Open Journal of Obstetrics and Gynecology
Vol.3 No.6(2013), Article ID:35221,8 pages DOI:10.4236/ojog.2013.36091

Effect of iron supplementation on glucose transporter 4 expression in adipose tissue and skeletal muscle of pregnant rats

Mulan He, Jing Jiang, Shuangping Liu, Haidong Cheng*

Department of Obstetrics, Obstetrics and Gynecology Hospital, Fudan University, Shanghai, China

Email: *

Copyright © 2013 Mulan He et al. This is an open access article distributed under the Creative Commons Attribution License, which permits unrestricted use, distribution, and reproduction in any medium, provided the original work is properly cited.

Received 16 June 2013; revised 14 July 2013; accepted 21 July 2013

Keywords: Iron; Diabetes; Gestational; Insulin Resistance; Glucose Transporter Type 4 (GLUT4); Rats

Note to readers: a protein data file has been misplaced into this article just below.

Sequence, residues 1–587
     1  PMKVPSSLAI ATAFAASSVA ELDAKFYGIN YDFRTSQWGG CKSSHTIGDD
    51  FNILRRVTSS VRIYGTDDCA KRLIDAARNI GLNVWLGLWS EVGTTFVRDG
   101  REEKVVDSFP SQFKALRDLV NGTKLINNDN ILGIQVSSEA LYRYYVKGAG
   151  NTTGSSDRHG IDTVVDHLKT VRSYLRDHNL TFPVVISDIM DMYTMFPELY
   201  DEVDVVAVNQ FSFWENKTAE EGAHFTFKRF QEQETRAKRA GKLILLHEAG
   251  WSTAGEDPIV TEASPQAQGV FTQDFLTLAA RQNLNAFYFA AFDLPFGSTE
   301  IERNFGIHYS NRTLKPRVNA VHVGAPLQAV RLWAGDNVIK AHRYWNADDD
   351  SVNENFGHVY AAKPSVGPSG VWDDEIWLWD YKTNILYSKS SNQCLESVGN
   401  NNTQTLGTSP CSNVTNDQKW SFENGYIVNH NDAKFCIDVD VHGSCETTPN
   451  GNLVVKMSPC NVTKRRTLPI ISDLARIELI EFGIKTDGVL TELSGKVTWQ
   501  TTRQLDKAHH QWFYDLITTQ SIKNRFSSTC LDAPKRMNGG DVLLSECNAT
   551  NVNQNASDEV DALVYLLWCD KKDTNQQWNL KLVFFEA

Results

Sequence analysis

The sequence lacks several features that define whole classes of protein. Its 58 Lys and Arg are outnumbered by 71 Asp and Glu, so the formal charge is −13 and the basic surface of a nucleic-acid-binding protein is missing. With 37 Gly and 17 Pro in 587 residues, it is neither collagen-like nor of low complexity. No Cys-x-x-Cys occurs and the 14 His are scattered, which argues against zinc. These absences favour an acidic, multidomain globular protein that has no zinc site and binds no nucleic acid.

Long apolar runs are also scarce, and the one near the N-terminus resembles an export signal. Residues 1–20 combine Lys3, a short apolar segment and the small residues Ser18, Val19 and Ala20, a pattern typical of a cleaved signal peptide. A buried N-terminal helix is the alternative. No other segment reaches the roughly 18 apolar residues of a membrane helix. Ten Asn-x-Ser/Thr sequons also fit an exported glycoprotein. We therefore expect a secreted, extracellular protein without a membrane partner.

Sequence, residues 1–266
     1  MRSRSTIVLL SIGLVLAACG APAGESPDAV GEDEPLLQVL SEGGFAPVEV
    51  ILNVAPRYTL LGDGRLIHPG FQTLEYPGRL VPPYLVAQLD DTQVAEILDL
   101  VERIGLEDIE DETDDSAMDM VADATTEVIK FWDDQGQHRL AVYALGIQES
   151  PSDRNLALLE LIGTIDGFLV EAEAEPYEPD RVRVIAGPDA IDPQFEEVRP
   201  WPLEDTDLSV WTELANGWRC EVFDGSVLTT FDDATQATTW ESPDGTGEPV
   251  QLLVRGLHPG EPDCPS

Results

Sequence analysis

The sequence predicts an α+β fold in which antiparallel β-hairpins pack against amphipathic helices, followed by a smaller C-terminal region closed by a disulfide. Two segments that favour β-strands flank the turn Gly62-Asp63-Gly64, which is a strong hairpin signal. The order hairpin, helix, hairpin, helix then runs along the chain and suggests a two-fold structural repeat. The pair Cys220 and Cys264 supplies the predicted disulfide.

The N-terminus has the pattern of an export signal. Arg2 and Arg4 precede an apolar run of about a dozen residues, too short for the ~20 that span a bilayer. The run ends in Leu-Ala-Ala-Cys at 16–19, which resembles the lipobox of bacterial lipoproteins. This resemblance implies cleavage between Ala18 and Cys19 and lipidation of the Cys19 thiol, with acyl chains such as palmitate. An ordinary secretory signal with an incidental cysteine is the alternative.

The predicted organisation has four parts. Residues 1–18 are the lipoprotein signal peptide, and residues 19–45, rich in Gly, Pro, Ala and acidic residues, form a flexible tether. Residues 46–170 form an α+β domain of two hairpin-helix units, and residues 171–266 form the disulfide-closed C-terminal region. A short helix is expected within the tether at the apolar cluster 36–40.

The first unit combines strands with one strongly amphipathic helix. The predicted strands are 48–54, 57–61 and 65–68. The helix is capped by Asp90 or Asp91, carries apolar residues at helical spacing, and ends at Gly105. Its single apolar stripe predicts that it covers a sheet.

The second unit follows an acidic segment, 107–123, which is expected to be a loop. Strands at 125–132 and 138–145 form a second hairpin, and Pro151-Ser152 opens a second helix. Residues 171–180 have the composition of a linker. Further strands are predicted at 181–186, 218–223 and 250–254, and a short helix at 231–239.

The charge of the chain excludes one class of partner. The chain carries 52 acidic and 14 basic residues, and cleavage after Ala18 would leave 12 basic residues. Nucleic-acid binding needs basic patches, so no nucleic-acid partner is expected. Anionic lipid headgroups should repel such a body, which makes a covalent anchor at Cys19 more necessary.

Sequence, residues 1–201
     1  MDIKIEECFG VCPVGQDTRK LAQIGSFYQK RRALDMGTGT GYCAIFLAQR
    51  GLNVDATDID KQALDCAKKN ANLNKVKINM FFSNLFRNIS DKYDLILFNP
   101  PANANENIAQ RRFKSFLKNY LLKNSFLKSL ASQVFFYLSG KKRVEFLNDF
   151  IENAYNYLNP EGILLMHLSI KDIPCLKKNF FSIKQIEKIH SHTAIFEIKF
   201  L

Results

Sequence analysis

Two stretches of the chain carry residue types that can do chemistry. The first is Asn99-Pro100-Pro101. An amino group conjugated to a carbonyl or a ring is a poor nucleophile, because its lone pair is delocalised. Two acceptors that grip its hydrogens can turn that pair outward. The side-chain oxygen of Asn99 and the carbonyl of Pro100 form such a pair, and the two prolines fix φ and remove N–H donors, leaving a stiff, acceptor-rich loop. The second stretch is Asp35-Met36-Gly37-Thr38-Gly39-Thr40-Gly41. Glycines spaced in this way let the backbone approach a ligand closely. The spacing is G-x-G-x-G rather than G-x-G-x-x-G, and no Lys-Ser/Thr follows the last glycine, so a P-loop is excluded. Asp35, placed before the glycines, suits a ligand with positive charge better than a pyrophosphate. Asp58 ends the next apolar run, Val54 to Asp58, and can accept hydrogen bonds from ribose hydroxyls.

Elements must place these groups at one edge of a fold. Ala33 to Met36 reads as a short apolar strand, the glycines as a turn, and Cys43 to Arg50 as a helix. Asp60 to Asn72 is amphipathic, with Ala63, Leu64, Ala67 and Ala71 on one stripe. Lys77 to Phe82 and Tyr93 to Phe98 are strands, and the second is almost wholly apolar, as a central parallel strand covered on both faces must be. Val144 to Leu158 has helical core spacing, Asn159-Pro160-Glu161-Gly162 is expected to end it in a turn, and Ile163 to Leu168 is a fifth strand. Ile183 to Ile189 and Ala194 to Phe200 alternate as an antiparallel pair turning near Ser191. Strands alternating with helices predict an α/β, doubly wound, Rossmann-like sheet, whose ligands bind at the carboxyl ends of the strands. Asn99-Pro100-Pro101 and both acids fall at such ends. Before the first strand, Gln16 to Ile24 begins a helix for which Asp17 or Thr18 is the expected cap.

Objective: The main goal of the present study was to investigate the effect of iron supplementation on glucose transporter 4 expressions in adipose tissue and skeletal muscle in female rats during pregnancy. Methods: Twenty-four pregnant Sprague-Dawley rats were randomly divided into 2 groups: a control group with a standard diet (containing iron 150 mg/kg) and an iron-supplementation group with a high-iron diet (containing iron 700 mg/kg) from day 0 to day 21 of pregnancy. Intraperitoneal glucose tolerance test was performed on gestational day 19. On gestational day 21, all of the pregnant rats from each group were sacrificed. The mean neonatal weights were measured and samples of maternal intraabdominal adipose tissue and skeletal muscle were taken to measure the expression of Glucose Transporter 4 (GLUT4) mRNA and protein. Results: Glucose tolerance decreased significantly in the iron supplementation group compared to the control group. The mean neonatal weights in the iron supplementation group were higher than that in the control group. Levels of GLUT4 mRNA in the adipose tissue were reduced by the administrations of high-iron diet. The skeletal muscle GLUT4 mRNA levels were not changed significantly by iron supplementation. Expression of GLUT4 protein both in the adipose tissue and skeletal muscle reduced significantly. Conclusion: These results suggest that iron supplementation during pregnancy would increase neonatal weights and could decrease maternal glucose tolerance by interfering GLUT4 expression in adipose tissue and skeletal muscle of rats.